Second Annual Willamette River Blessing

By Madronna Holden

Here are some pictures of the second annual blessing of the Willamette River led by Takelma Siltetz elder and chair of the International Council of Thirteen Indigenous Grandmothers Agnes Pilgrim Baker Sunday, April 26 at at the EWEB Willamette River Plaza in Eugene, Oregon.

grandma-aggie

Siletz Takelma Elder “Grandma” Agnes Pilgrim Baker speaks to the crowd at the second annual Willamette River Blessing where she reminded us once again that we are all “water babies” and owe the rivers our life.

For a detailed portrait and interview of Grandma Aggie, see this description of the first annual Willamette River Blessing.

willamette-river-blessing-09-013

Part of the blessing ceremony was sacred and could not be photographed, but members of the audience were invited to write their prayers for the river on a flag which would fly by the river for the rest of the day and then be taken down and placed on a bamboo pole to continue to fly in the wind.

willamette-river-blessing-09-016

A mother and her son walking by stop to read the prayers left for the river

Here  is a description of last year’s ceremony.

And the third annual blessing of the Willamette River is coming up Sunday, April 25.  See more details here.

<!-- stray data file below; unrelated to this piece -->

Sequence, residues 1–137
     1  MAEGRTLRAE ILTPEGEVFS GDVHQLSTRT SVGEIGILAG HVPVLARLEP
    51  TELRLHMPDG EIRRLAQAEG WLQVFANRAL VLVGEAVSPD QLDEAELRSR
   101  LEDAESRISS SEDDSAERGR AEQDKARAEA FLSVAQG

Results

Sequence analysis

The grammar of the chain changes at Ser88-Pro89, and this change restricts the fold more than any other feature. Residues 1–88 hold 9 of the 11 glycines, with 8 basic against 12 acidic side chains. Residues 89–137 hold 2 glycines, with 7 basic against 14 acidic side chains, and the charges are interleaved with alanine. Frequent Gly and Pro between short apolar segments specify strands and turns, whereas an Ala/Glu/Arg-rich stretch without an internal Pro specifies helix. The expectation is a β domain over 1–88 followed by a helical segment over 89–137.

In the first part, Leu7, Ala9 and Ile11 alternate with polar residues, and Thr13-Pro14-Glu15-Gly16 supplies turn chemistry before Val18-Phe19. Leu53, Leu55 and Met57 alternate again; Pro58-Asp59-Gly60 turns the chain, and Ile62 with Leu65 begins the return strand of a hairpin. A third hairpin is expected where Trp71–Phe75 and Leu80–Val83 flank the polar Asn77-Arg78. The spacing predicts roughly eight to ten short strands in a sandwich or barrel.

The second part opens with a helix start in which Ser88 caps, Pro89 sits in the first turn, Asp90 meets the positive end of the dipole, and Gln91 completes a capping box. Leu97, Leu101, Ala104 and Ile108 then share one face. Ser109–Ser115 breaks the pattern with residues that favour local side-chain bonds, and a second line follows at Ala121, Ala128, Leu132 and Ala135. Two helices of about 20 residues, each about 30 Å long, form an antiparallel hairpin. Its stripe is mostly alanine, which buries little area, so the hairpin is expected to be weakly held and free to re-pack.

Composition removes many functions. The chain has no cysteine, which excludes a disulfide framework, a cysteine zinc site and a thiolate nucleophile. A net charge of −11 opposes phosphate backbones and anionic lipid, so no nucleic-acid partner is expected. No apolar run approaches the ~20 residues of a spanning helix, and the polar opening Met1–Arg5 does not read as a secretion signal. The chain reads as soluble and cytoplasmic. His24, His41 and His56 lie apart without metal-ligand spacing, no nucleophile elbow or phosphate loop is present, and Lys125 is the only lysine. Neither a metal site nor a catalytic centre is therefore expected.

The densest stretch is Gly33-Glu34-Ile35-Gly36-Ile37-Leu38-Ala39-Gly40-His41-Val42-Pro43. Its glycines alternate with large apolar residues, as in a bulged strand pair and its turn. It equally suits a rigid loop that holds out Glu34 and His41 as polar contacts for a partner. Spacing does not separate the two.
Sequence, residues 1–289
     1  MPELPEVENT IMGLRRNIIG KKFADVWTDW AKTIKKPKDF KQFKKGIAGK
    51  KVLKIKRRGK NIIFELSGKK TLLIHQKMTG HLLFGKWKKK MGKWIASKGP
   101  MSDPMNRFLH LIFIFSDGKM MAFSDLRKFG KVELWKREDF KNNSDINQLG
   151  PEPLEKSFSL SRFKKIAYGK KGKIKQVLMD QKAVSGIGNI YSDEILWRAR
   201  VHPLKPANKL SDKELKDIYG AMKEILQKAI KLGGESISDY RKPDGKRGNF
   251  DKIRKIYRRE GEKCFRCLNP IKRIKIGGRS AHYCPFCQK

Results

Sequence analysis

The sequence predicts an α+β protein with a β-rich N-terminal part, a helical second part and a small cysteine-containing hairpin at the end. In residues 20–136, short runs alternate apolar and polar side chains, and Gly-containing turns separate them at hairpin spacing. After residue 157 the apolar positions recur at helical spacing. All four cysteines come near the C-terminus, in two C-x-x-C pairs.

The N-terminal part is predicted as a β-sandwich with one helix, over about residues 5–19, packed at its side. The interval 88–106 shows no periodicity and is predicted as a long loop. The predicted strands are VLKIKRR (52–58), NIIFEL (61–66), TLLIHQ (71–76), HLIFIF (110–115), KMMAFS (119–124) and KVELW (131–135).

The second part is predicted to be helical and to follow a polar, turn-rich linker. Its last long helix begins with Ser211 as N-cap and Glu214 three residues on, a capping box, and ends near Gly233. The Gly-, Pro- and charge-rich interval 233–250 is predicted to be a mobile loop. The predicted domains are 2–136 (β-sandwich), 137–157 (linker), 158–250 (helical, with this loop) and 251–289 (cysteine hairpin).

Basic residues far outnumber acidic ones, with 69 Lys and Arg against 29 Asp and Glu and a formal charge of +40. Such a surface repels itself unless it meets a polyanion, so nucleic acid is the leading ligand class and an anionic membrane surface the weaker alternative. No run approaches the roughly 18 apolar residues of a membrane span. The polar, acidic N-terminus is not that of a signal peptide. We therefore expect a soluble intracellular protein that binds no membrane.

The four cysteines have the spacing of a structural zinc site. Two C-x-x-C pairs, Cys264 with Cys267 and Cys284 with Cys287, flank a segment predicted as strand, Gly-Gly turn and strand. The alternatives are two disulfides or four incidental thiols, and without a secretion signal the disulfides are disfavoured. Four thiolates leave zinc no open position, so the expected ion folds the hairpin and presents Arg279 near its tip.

5 Responses

  1. Oh Wow! I would love to attend the next ceremony and meet Grandma Aggie! Is it welcome for anyone to attend? Where can we get information on the event?

    • It comes at the same time of year every year (or at least it has so far), so there should be a “third annual”: there should be lots of publicity out around that time, Randa. And if it gets to be early April and you haven’t heard anything, check in with me or this site.
      And yes, it is open to everyone.

    • Grandma Ag is actually my Aunt. She has come from a lot and gives a lot. So, it is a great reciprocity she gives. You can also subscribe to the events by subscribing the Centers for Sacred Studies. I’ve volunteered with them and maybe you can as well. I’m unsure what her last marking on her chin means, but I’ll ask her. You can see her at the Siletz Pow wow each year around August 9th. Last year the 13 Grandmother’s were there and my sister went and represented me as I could not be there. I’m so glad you’re interested, because so many people are so very angry with American Native people. They think they’re asking for something, when in truth, it’s the exact opposite. We’re not asking for anything but recognition. At least that’s what I think. And I thank Madronna for her care in these posts and making it public. She teaches a great class.

      • Hi Tina, it is a joy to hear from you again. Thanks for sharing these additional notes on Grandma Aggie. She will conduct the third annual Willamette River Blessing in April. I verymuch like what you said about her coming from a lot and giving a lot. So do you–and you have much ahead of you as well. I am touched by your feedback; it seems we need to right the record here, for our sake as well as that of the native people who shared their land with us.

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